Volt Carbon Technologies illustrate the vital role of natural flake graphite in powering the transition to electric vehicles and how their cutting-edge technology advances the acquisition of the critical mineral.
Although the electric vehicle (EV) market share is still tiny compared to traditional vehicles, that is likely to change in the coming years as major economies transition from fossil fuels and move into clean energy.
US President Joe Biden has signed an executive order requiring that half of all new vehicle sales be electric by 2030. China, the world’s biggest EV market, has a similar mandate that requires electric cars to make up 40% of all sales. The European Union is also seeking to have at least 30 million zero-emission vehicles on its roads by then.
One mineral that has been overlooked, but is an essential part of vehicle electrification, is graphite.
The key to the EV revolution
The lithium-ion battery used to power electric vehicles is made of two electrodes — an anode (negative) on one side and a cathode (positive) on the other. At the moment, graphite is a key material in the anode that stores lithium ions; there are no foreseeable substitutes.
This is due to the fact that, graphite which is used in most commercially available lithium ion batteries provides good cycle stability and energy density. Graphite is also an excellent conductor of heat and electricity. Being the only other natural form of carbon besides diamonds, it is also stable over a wide range of temperatures.
To date, synthetic graphite has been used to manufacture the anode. However, synthetic graphite is made mainly from petroleum distillates and requires a very large amount of energy to produce. Synthesising 1kg of graphite produces approximately 5kg CO2-equivalent emissions.
It is, therefore, not environmentally desirable in the long term.
Optimising sustainability with flake graphite
Natural, flake graphite, from particular high-grade flake graphite ore bodies, is far more desirable and is on the verge of an explosion in demand.
This bodes well for companies with large flake graphite deposits in safe jurisdictions that can not only capitalise on high prices but also contribute to the local graphite supply chain and lessen the dependence on China for graphite mining, especially graphite processing.
Following years of neglect by governments, critical minerals like graphite are finally getting the attention they deserve. In June, the Canadian government unveiled its low-carbon industrial strategy, which will see Ottawa partnering with each province to “identify, prioritise and pursue opportunities”. Specific to critical minerals, this means battery manufacturing in Quebec and electric vehicle production in Ontario.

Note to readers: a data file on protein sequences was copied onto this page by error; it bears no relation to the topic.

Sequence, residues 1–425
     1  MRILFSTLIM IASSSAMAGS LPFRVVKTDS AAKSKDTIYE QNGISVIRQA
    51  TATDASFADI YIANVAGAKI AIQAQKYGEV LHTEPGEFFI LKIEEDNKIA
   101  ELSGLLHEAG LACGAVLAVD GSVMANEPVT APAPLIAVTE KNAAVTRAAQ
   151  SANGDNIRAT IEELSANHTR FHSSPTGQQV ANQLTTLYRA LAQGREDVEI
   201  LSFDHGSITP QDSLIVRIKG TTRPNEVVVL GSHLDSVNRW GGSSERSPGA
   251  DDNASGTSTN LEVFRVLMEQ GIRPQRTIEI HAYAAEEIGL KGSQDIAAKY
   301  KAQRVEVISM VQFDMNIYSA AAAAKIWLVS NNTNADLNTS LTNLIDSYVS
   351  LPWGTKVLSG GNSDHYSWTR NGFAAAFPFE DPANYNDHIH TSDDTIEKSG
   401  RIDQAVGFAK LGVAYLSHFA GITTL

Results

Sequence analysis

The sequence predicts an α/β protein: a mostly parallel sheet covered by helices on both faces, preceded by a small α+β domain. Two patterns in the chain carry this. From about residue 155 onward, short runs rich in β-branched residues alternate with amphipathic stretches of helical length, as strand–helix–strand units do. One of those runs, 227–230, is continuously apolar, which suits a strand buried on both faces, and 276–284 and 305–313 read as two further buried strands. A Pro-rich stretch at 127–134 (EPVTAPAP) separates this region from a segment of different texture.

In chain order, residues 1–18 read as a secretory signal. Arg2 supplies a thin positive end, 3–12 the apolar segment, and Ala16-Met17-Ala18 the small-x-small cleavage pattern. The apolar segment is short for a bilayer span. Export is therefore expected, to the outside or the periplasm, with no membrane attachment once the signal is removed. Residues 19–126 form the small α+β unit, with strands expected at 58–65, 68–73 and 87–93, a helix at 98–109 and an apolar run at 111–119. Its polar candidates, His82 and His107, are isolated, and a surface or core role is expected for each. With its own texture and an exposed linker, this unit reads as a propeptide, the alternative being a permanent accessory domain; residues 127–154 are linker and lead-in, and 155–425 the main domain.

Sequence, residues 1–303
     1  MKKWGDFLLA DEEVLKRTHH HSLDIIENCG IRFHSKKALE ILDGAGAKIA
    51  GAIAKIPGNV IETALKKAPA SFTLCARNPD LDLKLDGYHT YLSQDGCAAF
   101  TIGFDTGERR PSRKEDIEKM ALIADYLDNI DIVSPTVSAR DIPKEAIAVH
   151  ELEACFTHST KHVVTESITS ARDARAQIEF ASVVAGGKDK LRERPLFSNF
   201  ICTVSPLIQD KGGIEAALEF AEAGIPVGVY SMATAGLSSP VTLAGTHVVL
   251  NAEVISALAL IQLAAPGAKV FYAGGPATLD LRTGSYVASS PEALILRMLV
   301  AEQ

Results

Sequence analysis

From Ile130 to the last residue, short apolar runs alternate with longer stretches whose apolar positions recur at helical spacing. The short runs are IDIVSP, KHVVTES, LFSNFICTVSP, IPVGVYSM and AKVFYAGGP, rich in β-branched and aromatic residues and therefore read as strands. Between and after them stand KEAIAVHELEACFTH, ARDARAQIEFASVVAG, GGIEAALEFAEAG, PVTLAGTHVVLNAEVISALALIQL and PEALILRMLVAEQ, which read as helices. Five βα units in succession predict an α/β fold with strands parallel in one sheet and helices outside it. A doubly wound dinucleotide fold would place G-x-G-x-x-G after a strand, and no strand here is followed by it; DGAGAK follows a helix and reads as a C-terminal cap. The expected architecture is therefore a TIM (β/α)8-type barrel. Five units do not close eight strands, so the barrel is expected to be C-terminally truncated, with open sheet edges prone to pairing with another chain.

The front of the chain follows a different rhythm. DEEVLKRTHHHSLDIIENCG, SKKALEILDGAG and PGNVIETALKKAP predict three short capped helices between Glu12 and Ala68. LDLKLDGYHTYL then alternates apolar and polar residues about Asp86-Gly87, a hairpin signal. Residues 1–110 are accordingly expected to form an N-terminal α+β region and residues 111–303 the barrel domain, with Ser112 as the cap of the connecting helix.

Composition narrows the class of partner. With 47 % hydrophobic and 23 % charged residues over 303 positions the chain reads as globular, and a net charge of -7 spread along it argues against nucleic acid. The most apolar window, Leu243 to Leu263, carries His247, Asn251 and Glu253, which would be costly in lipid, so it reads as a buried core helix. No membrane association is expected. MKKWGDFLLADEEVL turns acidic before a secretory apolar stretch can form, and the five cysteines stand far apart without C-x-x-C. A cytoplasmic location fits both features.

Natural Resources Minister Jonathan Wilkinson pointed to CAD$3.8 billion already earmarked for critical minerals in the April budget. On top of that, “we have a billion and a half dollars in the Clean Fuels Fund, we have eight billion dollars in the Net Zero Accelerator, we’re setting up the Clean Growth Fund, we have the Canada Infrastructure Bank,” Bloomberg quoted him saying.
The present recovery of flake graphite uses a floatation method, which uses water and chemical reagents to recover the graphite. This method is expensive and needs to be permitted for use by government agencies concerned about any environmental impact. This adds years to the development of new mines.
How Volt Carbon Technologies are overcoming these challenges
Volt Carbon Technologies (TSX-VCT, OTCQB-TORVF) has an alternative proprietary technology to floatation. This patented method uses air classification to recover the graphite from ore to a much higher purity (typically 85-95%) without the use of water floatation and chemicals.
This technology is substantially less capital intensive and should greatly reduce the time for permitting new mines. This technology is in the prototype stage of development, but should soon be ready for commercial demonstration. Many potential orebodies have been tested to date, with encouraging results for each.